In developing accurate requirements and derive accurate estimates from client engagements, user stories are increasingly becoming the de facto standard for documenting.
Simple in concept, but difficult to master, user stories have this basic format:
As a <actor/user>, I can/want <what> so that <why>
The “how” is kept out, since that is what the delivery team should figure out. You shouldn’t need as a client know how the car was built as much as how to properly run and maintain it.
However, the trouble can be with getting the right level of granularity to the user stories so no “big surprises” come out weeks or months after the initial requirements gathering process. There is an art to recognize this and doesn’t follow any template or “silver bullet”. There are many ways to help define user stories and going to the appropriate level of detail should include recognizing asking questions even in the details for say highlighting key facts of a product. It can be done in one form of highlighting but upon further research, there can be multiple ways with a “wish list” or favorite, commonly chosen favorites by others with similiar tastes or similiar products.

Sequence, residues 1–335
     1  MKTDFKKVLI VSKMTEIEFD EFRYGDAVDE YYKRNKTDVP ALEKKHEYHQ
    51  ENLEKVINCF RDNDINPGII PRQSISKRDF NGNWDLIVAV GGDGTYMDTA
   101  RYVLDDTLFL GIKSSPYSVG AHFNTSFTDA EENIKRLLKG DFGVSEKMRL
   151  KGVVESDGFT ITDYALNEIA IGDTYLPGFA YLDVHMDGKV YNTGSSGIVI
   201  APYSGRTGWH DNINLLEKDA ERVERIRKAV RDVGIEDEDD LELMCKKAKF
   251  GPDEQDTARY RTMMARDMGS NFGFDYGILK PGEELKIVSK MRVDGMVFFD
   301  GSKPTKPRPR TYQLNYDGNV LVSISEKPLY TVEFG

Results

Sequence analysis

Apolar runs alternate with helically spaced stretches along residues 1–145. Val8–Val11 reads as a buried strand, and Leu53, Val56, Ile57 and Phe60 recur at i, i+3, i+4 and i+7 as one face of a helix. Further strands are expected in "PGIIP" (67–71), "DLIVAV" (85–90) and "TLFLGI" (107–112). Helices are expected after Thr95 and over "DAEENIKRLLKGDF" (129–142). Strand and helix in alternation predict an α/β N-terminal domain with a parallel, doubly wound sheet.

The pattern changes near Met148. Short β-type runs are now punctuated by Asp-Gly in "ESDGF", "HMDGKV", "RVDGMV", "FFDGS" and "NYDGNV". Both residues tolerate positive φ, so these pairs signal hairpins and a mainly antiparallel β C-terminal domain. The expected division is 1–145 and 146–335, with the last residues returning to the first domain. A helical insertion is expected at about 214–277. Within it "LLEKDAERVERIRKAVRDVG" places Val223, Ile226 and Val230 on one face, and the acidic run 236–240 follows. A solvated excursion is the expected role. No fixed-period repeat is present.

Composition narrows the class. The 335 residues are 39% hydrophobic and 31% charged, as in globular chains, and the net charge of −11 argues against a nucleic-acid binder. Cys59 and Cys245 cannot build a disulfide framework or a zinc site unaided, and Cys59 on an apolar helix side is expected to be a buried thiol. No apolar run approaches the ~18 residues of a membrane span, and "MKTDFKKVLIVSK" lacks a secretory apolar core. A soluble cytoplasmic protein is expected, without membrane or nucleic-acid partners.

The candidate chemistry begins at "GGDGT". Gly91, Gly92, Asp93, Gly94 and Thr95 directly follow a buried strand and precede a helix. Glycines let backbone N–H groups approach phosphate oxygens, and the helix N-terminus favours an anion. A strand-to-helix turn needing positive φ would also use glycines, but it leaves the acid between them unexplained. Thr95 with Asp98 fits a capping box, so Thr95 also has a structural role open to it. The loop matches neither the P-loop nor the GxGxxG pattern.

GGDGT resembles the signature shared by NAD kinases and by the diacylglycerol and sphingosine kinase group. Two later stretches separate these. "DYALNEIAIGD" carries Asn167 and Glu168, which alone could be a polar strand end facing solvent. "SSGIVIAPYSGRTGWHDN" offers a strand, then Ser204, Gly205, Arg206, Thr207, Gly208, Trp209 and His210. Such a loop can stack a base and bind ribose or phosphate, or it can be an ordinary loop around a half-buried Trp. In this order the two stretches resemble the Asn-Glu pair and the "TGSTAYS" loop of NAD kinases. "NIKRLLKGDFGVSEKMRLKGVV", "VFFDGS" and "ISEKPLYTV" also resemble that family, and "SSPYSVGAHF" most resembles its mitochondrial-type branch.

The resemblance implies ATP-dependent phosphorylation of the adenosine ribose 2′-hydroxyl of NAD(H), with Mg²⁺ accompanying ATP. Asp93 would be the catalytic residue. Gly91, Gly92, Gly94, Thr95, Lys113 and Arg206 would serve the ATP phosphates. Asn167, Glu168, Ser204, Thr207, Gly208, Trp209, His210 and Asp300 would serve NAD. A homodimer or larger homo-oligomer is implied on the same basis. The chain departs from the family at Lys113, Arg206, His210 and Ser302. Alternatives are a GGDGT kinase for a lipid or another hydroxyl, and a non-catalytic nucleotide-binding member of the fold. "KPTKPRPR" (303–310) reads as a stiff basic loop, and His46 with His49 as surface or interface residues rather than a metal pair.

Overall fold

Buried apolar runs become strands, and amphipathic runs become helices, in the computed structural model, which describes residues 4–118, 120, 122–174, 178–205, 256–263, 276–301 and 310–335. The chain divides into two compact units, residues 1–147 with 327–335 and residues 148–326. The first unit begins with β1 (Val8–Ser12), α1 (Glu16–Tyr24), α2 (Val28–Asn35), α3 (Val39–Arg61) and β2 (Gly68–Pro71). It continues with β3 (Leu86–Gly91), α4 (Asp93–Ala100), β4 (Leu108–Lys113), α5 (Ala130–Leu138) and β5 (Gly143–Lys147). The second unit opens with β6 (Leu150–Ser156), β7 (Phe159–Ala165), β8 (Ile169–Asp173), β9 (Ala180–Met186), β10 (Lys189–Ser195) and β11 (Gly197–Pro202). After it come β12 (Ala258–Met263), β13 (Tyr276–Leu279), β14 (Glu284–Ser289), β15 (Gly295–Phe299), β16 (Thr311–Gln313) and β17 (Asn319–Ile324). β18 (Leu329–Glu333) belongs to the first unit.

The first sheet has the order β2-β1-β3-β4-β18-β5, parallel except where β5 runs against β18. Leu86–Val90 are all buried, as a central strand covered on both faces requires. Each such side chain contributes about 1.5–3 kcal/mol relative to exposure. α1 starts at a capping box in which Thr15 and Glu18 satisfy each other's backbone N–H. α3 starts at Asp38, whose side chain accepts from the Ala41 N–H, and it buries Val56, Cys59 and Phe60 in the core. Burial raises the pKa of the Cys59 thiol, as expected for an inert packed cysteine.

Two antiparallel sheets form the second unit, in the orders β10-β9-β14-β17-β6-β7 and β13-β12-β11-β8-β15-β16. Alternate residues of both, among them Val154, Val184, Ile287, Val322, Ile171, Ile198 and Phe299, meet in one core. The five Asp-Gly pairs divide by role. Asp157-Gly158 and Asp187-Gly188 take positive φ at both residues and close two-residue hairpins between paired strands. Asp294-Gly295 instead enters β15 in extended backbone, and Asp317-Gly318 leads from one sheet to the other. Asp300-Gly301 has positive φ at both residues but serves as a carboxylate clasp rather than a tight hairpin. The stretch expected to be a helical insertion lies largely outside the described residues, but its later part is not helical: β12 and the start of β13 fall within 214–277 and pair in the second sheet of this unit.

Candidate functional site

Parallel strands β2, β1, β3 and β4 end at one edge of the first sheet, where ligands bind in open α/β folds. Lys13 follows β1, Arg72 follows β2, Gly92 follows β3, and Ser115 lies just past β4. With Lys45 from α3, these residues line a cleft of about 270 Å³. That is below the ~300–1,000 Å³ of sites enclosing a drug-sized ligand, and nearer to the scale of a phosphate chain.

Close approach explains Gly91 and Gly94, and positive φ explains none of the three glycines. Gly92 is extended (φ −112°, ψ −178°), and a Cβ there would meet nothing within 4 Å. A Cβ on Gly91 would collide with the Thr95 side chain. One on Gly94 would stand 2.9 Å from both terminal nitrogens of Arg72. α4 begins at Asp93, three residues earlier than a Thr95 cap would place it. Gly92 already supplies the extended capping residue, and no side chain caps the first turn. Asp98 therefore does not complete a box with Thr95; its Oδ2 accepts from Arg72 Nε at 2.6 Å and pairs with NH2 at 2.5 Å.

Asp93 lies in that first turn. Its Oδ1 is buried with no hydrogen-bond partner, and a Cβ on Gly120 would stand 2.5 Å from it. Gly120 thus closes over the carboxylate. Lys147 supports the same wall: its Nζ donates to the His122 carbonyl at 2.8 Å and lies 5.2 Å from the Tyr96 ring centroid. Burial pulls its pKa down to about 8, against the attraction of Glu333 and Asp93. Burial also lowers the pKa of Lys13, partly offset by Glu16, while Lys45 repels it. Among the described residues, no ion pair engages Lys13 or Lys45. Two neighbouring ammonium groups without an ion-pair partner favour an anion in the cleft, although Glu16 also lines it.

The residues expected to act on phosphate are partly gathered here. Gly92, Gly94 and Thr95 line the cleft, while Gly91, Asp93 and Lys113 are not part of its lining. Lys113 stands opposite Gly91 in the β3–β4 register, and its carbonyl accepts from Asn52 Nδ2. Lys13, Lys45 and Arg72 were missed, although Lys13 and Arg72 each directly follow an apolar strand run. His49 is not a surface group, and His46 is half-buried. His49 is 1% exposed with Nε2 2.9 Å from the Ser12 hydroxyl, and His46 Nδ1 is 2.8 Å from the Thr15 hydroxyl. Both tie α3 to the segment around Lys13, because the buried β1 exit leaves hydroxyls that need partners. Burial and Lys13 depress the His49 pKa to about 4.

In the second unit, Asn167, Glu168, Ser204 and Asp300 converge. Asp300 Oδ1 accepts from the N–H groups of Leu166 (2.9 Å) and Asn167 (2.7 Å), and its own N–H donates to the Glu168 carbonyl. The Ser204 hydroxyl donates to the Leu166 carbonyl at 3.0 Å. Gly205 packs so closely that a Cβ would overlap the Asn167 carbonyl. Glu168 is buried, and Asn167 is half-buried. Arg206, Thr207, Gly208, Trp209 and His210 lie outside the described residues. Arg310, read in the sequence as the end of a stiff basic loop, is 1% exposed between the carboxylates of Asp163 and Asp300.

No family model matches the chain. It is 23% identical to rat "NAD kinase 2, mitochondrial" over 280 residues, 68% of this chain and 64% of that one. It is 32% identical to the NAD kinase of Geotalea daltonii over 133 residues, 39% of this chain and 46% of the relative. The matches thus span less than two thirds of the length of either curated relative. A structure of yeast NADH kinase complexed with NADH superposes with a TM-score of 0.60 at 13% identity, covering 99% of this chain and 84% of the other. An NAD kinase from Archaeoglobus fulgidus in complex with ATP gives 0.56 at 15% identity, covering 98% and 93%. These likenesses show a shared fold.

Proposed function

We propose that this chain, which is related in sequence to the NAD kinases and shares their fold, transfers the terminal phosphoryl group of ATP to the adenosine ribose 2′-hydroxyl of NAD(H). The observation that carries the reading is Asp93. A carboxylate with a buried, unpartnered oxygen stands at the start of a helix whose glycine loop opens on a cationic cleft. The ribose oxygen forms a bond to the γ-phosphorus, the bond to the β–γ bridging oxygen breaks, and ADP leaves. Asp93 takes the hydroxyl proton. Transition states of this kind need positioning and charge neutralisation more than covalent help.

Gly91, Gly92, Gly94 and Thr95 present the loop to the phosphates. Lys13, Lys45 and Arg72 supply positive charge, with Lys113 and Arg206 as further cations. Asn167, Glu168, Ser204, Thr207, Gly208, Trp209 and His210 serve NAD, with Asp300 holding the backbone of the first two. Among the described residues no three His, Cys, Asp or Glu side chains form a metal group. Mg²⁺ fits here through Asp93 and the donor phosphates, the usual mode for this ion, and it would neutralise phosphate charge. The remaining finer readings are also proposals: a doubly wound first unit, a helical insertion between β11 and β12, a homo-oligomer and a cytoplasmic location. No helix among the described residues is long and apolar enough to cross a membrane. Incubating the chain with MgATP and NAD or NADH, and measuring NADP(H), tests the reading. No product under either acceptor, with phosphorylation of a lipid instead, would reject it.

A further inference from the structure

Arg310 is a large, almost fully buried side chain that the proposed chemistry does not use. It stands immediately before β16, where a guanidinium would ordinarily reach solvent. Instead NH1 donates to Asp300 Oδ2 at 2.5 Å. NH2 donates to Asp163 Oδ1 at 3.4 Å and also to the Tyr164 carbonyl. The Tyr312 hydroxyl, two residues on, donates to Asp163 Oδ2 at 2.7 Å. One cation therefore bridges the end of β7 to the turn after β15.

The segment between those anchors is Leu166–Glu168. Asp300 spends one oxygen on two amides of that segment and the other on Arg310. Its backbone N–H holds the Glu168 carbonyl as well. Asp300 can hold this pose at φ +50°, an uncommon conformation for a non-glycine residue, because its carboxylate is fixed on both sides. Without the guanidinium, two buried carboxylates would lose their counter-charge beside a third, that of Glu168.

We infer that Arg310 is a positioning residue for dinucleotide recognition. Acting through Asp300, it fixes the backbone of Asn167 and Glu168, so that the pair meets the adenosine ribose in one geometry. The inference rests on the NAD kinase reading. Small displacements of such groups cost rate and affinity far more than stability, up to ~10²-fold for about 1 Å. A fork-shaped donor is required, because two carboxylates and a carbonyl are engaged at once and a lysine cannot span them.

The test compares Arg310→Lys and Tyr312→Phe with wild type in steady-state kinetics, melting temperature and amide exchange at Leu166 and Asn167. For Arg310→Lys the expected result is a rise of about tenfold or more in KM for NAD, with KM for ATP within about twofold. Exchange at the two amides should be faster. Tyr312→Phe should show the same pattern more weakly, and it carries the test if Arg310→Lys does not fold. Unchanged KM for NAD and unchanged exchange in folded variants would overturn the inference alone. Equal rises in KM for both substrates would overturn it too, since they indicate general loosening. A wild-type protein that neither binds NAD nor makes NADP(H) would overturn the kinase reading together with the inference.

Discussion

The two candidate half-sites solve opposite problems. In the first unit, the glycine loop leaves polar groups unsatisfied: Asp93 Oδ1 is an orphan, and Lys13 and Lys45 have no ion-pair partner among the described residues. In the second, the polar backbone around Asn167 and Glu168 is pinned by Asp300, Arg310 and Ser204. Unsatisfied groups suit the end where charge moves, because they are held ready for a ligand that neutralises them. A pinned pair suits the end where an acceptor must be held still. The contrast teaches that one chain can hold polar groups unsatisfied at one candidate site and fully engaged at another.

That’s when the devil is in the details and has to be handled through many questions and sufficient planning.